A business format franchise provides franchisees with the right to use the franchisor's name, as well as the ability to use proprietary systems and processes they would otherwise be unable to.

Definition of a Business Format Franchise

Franchise opportunities these days are usually known as a business format franchise. A business format franchise is almost exactly what it sounds like, when everything is said and done. In standard business format franchise structures, a franchisee will be granted a license by the franchisor to make use of their principal trademark. This is one of the key aspects of a business format franchise.

When you are the franchisee in a business format franchise, you'll operate your business using the principal trademark that belongs to the franchisor. This is usually the name you'll use to identify your company to the public and is commonly referred to as the brand. Some examples of business that employ a business format franchise are:

  • Subway
  • McDonald's
  • The UPS Store

The brand isn't the only thing you have access to when you're the franchisee in a business format franchise. You'll also be granted rights to make use of the franchisor's proprietary systems. However, this also means you're obligated to use those systems and meet any standards the franchisor has in place. Examples of things you might gain access to as the franchisee include:

  • Initial training
  • Standardize buildout plans
  • Operations manuals
  • Continuous support
  • Point-of-sale system education
  • Key functionalities

Franchisees are also given the right to sell products and services that the franchisor might otherwise restrict to prevent competing companies' ability to effectively compete. This might include things like:

  • Branded products
  • Proprietary recipes
  • Service suites
  • Specific methodologies

It is important to note that a business format franchisee will usually be obligated to sell the products and services that are owned by the franchisor. This usually means they are also restricted from selling unapproved products and services that the franchisor might consider to be competitive in nature. This makes it important for potential franchisees to perform due diligence and make sure they're reasonably confident in their ability to succeed in meeting the franchisor's expectations.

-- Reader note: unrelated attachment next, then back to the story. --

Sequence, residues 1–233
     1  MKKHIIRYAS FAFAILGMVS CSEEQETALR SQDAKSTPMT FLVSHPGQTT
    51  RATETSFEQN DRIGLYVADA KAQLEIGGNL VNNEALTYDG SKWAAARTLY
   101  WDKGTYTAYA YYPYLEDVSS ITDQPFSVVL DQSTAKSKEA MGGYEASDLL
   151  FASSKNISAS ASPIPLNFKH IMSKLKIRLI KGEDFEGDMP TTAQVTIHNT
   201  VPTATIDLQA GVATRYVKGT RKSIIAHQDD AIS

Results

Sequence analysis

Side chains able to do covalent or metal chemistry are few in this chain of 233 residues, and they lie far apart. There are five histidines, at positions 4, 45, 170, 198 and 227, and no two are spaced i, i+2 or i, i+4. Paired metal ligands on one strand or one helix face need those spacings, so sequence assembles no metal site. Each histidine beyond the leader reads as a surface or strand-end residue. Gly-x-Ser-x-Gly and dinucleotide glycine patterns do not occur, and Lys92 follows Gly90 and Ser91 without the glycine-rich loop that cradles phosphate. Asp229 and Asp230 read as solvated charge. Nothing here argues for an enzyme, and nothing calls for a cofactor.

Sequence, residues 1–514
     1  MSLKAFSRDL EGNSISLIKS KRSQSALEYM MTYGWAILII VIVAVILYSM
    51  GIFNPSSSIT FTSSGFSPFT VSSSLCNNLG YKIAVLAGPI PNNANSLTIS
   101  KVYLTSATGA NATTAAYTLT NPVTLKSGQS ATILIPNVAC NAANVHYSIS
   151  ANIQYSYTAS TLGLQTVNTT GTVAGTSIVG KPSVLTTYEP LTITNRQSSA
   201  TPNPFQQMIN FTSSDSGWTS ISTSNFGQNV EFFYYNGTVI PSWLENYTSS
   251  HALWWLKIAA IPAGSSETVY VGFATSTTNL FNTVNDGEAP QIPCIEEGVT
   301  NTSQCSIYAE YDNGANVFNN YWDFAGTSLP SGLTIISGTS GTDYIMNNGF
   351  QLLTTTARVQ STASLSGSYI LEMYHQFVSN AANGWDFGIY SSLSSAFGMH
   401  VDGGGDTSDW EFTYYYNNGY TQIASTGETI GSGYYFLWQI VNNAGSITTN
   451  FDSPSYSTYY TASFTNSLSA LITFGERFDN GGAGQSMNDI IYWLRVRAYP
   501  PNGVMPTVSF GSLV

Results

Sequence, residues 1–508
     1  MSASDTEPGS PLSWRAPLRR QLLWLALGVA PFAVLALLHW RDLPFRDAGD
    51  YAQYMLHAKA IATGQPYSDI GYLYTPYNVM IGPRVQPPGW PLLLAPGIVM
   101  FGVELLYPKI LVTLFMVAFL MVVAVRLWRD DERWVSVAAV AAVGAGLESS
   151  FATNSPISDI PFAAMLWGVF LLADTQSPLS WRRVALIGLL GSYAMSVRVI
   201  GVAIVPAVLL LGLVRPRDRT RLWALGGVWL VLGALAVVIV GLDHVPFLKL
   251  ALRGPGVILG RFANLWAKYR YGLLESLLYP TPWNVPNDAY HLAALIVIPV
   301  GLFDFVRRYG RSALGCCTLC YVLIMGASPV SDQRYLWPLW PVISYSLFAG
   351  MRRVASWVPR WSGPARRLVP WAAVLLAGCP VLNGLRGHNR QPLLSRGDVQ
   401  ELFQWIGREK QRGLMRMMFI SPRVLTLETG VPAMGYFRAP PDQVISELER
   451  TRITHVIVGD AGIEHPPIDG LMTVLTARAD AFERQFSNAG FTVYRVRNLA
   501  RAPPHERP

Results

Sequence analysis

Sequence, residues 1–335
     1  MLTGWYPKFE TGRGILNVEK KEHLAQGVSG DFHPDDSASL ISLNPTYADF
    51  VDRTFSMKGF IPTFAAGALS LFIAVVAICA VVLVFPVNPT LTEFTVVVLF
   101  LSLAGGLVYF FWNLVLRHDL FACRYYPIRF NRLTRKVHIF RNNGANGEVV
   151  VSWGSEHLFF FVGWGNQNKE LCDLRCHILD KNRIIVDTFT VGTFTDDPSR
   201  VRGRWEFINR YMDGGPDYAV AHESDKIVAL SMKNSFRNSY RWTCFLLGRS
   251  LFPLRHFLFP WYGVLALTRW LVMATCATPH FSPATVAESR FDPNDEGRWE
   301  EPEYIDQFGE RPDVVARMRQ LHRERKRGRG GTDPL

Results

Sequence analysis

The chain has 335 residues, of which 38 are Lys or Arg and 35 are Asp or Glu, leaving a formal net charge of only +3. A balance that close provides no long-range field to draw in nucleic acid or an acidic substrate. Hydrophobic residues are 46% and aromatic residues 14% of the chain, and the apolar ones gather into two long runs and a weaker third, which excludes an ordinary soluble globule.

Product Distribution Franchise

In most cases, companies that are looking for an alternative to the business format franchise will select a structure known as the product distribution franchise. In this type of franchise, the franchisee is normally called a dealer or a distributor. Dealers are given the right to use the franchisor's name when selling their products, but they're not given the kind of support — such as access to proprietary systems and training — that would be available in a business format franchise. As a result, franchisees normally pay some sort of fee or buy the minimal number of products they need to make a profit.

In most scenarios, the products being sold will require some sort of preparation or service by the franchisee, before and after a sale takes place. Product distribution franchises are quite similar in function to the kind of relationship that exists between a supplier and a dealer. There are some unique differences between these two types of relationships, though. The first difference worth noting is that the franchisee can choose to sell the franchisor's products on a semi-exclusive basis or on an exclusive basis.

Another noteworthy difference is that franchisees in this type of relationship typically get more services from their franchisor than they would in a standard dealer-supplier relationship. Common scenarios that make use of the business format franchise include:

  • The gasoline industry
  • The automobile industry
  • Mobile device distributors

As an example, a store might agree to only sell certain products and exclude some others. In most cases, the franchisee will sell only the franchisor's product. In many cases, this also involves the franchisee incorporating some of the franchisor's business activities into their own. However, the franchisee has much more freedom and independence in this type of franchise than they would under a business format franchise.

There are a number of other types of franchises, including:

  • Management franchises
  • Manufacturing franchises

The specific type of franchise that is in play will ultimately determine the extent to which the franchise in question will affect how the franchisee operates their business.

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